Fabian Winkler's PI (personal interpreters) is a set of small robotic devices, which deconstruct TV broadcasts' audio signals. The robots interpret the regular audio signal as control code and translate it into abstract rhythmic sounds.
PIs can be plugged into the sound output of a TV set (via RCA cables). Using suction cups, individual modules can be attached anywhere to the surface of the TV. These modules translate the sound output from TV broadcasts into movements of mechanized parts that scratch, hit and thump on the surface of the TV set using it as a resonant body. The audience still sees the images but hears only the deconstructed sounds created by the robotic modules - vaguely reminding them of the original soundtrack but challenging them to interpret it in new ways.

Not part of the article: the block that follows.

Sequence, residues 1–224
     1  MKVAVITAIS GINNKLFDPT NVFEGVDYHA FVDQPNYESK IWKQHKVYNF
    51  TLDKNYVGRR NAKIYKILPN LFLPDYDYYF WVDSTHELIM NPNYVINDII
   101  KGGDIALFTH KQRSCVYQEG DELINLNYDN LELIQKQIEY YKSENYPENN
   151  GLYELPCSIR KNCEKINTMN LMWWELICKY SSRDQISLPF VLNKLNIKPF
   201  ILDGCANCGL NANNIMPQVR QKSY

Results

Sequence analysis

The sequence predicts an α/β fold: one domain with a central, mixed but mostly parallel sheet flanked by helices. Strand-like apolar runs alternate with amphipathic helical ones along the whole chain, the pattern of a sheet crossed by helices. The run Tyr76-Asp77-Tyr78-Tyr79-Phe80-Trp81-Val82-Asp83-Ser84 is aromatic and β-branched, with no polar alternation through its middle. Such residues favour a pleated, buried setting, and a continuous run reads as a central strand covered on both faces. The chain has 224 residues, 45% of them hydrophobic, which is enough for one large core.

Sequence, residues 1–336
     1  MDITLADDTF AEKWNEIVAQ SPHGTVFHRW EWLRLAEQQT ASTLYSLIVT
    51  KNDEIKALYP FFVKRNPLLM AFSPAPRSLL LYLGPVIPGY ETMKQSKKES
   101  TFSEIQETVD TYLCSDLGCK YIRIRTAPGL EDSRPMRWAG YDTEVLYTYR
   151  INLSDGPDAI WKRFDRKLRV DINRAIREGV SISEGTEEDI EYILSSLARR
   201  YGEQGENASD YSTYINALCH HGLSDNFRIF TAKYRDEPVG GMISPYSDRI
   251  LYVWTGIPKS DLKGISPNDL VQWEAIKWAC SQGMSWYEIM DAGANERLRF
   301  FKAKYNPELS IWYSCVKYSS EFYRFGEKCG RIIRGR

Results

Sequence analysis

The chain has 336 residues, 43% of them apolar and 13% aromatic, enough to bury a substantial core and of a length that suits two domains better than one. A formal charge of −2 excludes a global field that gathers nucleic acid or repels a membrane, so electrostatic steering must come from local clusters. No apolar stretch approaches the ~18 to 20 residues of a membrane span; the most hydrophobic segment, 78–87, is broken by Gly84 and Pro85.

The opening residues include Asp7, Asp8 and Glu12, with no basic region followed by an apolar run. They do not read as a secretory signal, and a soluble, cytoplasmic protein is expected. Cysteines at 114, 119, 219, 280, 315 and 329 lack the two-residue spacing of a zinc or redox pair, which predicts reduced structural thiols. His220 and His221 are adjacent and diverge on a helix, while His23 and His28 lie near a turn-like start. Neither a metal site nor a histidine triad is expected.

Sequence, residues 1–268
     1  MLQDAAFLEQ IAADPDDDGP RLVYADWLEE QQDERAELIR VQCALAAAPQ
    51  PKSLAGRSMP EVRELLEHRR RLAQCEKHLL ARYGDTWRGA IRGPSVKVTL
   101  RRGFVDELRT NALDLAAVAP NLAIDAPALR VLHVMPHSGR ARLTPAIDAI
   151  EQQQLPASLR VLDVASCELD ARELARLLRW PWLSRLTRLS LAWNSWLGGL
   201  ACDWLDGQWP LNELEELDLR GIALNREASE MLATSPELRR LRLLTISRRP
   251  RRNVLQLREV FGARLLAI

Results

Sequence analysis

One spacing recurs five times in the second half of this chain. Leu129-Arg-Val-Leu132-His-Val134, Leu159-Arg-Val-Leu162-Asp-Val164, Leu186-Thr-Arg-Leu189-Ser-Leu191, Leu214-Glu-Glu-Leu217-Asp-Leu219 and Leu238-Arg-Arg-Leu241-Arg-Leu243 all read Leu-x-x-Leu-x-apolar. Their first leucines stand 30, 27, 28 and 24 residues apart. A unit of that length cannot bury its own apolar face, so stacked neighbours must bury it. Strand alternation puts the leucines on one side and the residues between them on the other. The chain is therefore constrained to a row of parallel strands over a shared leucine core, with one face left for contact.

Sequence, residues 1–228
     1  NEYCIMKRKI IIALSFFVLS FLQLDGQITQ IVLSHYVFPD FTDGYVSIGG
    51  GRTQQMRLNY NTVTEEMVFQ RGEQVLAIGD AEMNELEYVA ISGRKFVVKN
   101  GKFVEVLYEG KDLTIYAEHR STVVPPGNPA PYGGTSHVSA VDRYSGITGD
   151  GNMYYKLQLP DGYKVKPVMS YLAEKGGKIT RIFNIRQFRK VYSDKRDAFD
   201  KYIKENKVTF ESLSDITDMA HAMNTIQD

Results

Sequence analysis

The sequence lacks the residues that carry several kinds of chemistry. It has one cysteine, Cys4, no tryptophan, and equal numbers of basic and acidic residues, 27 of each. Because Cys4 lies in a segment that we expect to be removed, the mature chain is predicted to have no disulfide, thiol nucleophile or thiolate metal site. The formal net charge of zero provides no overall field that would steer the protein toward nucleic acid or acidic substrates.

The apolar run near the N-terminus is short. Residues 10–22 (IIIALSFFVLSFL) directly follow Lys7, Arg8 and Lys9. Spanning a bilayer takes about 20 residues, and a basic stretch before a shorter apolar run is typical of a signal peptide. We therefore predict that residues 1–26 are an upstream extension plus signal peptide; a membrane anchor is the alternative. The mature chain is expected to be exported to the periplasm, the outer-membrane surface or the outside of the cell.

Check the project at ZeroOne San Jose, this summer.
For an intervention on images, and in a sousveillance/surveillance context this time, Austrian activists Quintessenz created an anonymous surveillance system that uses a face-recognition software to place a black stripe over the eyes of people whose images are recorded (via Wired).
New Scientist reported today on a video surveillance system that scrambles people's faces to protect them from unwarranted monitoring. Developed by Swiss company EMITALL Surveillance, the algorithm of the technology singles out any people in a video feed, on the basis of their movement, and disguises them digitally while leaving the rest of the scene intact (Videos 1, 2 and 3). Only those in possession of the encryption key can unlock the scrambled regions and identify the people shown on-screen.
More broadcast disruption: SVEN - Surveillance Video Entertainment Network, a real-time video performance system that detects when people look like rock stars instead of criminals. Once a potential rock star is detected, music video effects are triggered so the surveillance stars get a treatment worthy of Cecil B himself; TV Predator, a picture frame that attacks the tv and prevent it from working properly; OiTV, a misbehaving attention-seeking TV.